A Master of Wine

Greg Sherwood MW first came onto my radar at the end of 2016. I had just discovered a wine that had floored me, and needed to know more about it. One thing leads to another, which leads to a Google, and a blog from someone who was clearly as taken as I was.

This particular wine had been overlooked by many of the world’s influential commentators, but Greg had discovered it and his words resonated. Since then, I’ve followed him closely and discovered someone who knows more about the subject than just about anyone, and happens to think that South Africa makes some of the best wines in the world.

Everyone is entitled to an opinion of course, but on the subject of wine, few matter more than his. Firstly, with those letters, MW, you’re assured that he knows his onions. Greg has put in countless hours to achieve a qualification that very few others have. Secondly, he was born and bred in South Africa and knows the country’s wine landscape as well as anyone. He’s also a Senior Wine Buyer at Handford’s Fine Wines in South Kensington, London. Quite simply, he has hundreds of influential clients. To them, his opinion matters. And that opinion translates into sales.

So I arranged to meet Greg and get his take on, well, everything from what he likes to drink to the way people shop for it. I discovered someone who is both thoughtful and insightful on all things wine, and remarkably self-aware of his role there in. He launched out of the blocks too:

“South African wine has never been in a better state than it is right now.”

It’s worth letting those words sink in. For all the talk of low prices, declining yields and unsustainable practices, South African wine has never been this exciting. And in the big scheme of things, it’s happened almost overnight.

“1996 to 2008. That might be our worst ever period. They were acidified, overripe, virused and uninspired. Of course there were obvious exceptions, the 2001 Meerlust Rubicon is one of the greatest wines to come out of South Africa, but in general, it was a bad time.”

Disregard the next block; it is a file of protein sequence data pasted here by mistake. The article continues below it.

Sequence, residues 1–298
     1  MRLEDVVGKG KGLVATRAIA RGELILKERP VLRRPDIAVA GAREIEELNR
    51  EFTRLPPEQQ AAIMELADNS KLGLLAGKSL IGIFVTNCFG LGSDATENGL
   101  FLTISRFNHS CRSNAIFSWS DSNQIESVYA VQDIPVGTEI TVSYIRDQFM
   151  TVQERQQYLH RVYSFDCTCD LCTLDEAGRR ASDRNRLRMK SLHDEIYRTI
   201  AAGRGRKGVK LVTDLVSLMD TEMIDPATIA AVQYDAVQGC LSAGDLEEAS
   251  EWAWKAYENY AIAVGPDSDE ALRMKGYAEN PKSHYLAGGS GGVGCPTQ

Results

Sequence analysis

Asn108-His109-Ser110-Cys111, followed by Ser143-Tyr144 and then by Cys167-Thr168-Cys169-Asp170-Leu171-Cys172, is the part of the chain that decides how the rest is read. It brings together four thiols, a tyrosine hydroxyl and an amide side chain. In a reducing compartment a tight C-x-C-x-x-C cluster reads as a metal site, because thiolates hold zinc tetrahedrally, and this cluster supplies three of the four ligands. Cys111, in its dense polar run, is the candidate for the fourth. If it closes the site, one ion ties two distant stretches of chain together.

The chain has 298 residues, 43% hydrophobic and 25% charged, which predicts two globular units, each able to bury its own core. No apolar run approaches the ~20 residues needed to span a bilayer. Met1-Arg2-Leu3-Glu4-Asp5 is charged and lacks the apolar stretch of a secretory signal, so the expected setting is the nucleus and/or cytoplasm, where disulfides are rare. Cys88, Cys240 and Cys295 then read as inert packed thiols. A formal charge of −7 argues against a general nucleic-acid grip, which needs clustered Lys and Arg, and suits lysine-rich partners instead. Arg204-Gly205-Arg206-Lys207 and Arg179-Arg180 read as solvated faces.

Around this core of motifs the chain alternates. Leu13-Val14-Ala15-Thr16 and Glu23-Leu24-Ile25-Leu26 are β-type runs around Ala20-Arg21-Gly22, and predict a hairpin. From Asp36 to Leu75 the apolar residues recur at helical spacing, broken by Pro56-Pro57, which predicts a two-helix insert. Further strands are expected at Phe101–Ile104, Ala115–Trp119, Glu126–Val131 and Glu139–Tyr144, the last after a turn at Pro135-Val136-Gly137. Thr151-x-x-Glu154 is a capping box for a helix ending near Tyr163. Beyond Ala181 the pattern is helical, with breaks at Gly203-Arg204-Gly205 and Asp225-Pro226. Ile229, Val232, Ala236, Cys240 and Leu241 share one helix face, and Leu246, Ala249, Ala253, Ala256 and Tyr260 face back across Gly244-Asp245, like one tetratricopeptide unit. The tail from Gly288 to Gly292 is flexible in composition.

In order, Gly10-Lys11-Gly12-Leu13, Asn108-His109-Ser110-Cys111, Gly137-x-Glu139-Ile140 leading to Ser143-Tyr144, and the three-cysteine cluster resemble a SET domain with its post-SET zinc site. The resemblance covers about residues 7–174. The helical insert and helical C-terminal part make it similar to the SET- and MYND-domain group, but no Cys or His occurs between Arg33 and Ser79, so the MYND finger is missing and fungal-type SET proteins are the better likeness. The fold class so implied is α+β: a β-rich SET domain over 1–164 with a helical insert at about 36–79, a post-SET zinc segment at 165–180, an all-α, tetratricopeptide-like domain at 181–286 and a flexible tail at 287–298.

At which point our host, Duncan Savage peaks his head through to offer coffee and this observation: “A lot of the older generation made wine as a job. They only drink what they produce. Many of them aren’t passionate about wine.”

Greg agrees: “Absolutely. There’s a new generation of South African winemakers that drink great wines from all over the world. They enjoy each other’s wines. They work together and support each other.”

Competition doesn’t have to lead to antagonism. And today, there’s a strong fellowship amongst many of the country’s leading producers. They are friends first, and seem to understand the bigger picture: That even though they’re competing for the same audience, it’s better to work together. Sort of feels like there’s a lesson there that applies to more than just winemaking.

And what of Greg’s blog? He’s been writing the Fine Wine Safari since 2016 and has seen its popularity rise exponentially since day one.

“I never asked permission. And I certainly never asked anyone to read it. I just write what I write, and if people like it, then that’s great.”

Turns out they are reading. And paying attention. A few days before we met, Greg published a story about Sakkie Mouton’s Revenge of the Crayfish Chenin Blanc. If you’re a regular reader, you’ve probably heard about it. In his glowing review, he suggested that Sakkie might be our most exciting talent since Eben Sadie. A day later, the wine was unobtainable.

This is just one example, but it’s an example of real influence. And it is largely due to his transparency. Greg tastes, drinks and sells wines from all over the world. That’s his job. His currency is credibility and his responsibility is to the wine buyer, to make sure that they return to his shop and buy from him.

There are plenty of people worrying about the future of South African wine. We need more Chocolate Blocks, better wine at scale, higher prices, bigger brands, more regional partnerships. More agreements. We need to specialize. We need to diversify. We need to hang our hat on one thing. We need that one thing to be everything.

No doubt many of these opinions are valid. And there might well be a need for strategies and bureaucrats and board meetings and pencil pushers and people pontificating on the way forward. But one thing that is certain is that we need people like Greg Sherwood. People that know wine, that buy it and sell it outside of South Africa. People with credibility who will look a someone in the eye and tell them to put down that Australian Shiraz, because just look at what I have here.

And proceed to tell a story about where it’s from and who made it and how South Africa really is the most exciting wine producing nation in the world.

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